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February 29, 2012 / jwaxo

Pokémon Trading Card Game (Save Scumming)

A video game where you pretend to play card games that represent a video game where you pretend to fight monsters.

By the summer of 1999, Pokémania had swept the US. You could hardly walk anywhere without walking into a Pikachu slinging McDonald’s burgers or a Charizard telling you to come to Six Flags. The anime was in its second season and was religiously watched by kids all over the world, the second series of games were already in talks to be released, and the merchandise was pretty much falling off of the shelves.

As you may recall, I had gotten started on the whole thing maybe a year behind everyone else. I almost never traded my ‘mons with anyone, because I wasn’t really friends with anyone who played it as much as I did, and I wasn’t a super-serious trainer like a lot of people who still play it are. I was just into the entire concept of raising a team of unique animals and traveling the world with them.

Well, to be more truthful, I was a little obsessed with it.

From playing my lone copy of the game, to buying the next, nearly-identical “Yellow edition” of the game, to carefully tracking and detailing which Pokémon I had caught with a sticker book, to memorizing a book of facts about them that I got at a book fair. I was obsessed enough that I still remember a few of the dreams that I had about them.

I was dreaming about Mewtwo on Final Destination three years before it happened. Also, that dream could seriously make a book or a horrible fanfic.Then again, they were kind of epic. In the Homeric sense.

So there I was, summer ’99, and in the throes of my latest obsession. And forced, as usual, to go on a camping trip with a bunch of family friends.

Luckily for me, some of those family friends had a couple kids that were about my age and always had nearly identical interests as me. We immediately fell into our usual roles as friends despite only seeing each other maybe once a year, and it wasn’t long before all three of us revealed that we had a huge love for, believe it or not, that craze that all kids our age had a huge love for.

“So have you beaten the Elite Four yet?” I asked.

“Elite Four?” they echoed, looking at each other. “We don’t even have GameBoys. We just watch the cartoon and play the card game.”

Card game? This was news to me, and I hadn’t even known the cartoon played on local channels. They educated me, all while pulling out their miserable little decks of dog-eared cards. Within a few hours I was just as knowledgeable about the card game based on that franchise I oh-so-loved as they were. And, when I got back home, I started saving up to buy my own deck.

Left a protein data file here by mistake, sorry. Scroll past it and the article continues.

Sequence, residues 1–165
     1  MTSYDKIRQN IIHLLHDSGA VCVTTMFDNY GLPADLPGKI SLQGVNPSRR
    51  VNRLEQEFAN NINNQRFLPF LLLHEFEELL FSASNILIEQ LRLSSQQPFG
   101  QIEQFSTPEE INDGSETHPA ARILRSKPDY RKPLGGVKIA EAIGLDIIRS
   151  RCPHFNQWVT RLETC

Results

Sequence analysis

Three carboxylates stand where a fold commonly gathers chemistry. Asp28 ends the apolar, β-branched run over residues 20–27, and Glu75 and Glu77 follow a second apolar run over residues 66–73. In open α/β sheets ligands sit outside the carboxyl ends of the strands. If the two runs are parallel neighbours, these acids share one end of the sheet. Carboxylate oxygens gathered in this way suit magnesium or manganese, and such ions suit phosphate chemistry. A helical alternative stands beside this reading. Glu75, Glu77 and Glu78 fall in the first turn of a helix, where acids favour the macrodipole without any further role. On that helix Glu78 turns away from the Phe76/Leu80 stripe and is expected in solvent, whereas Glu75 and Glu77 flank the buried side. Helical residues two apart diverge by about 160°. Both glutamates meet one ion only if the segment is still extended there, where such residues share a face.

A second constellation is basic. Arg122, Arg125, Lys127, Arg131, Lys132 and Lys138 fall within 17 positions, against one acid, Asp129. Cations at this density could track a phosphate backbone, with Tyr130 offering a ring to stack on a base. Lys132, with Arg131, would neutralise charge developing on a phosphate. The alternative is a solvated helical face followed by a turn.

So, trading card games. Games where half of the point is collecting the cards, half of the point is having the most powerful ones, and half of the point is just plain winning more often than your friends. There are plenty of fads that have worn down through the years with these fighting/collecting/trading games: Yu-Gi-Oh! and Magic:The Gathering being the two that spring to mind first.

Approximate representation of every mother’s idea of a Magic game.

Soon my obsession slid from just the video game to the cards and to the show. I was building decks, collecting every evolution of Eevee, freaking out when a booster pack came with a holographic (but ultimately worthless) Ninetales, and so on.

And then the video game of the card game came out, and I was all over that.

I mean, think about it: in the game, you didn’t have to go through all of the hassle of buying packs of cards in the hopes they would have what you wanted. There was no cost of money once you were in. You could lose as much as you wanted and your friends wouldn’t make fun of you. Plus, you wouldn’t have the risk of losing your cards in freak accidents.

And I played it pretty obsessively. Over and over again, just like with the real Pokémon game, and, as usual, to the point of setting stupid goals for myself to try to unlock something that didn’t exist. My goal: to beat the entire game without losing a single game.

See, here’s what’s funny: there was no real penalty to losing games in Pokémon Trading Card Game. But I would know if I lost or not. So I started the horrible practice of “save scumming”: saving the game just before a fight, and then loading it back up if I lost.

I eventually finished the game without “losing.” But the fact that I cheated by save scumming was a mark on my record, leaving it less satisfying than it could have been: even in a game that didn’t penalize losing, I was forcing a win, just because I wanted to.

Trying that in real life just means nobody will want to play against you.

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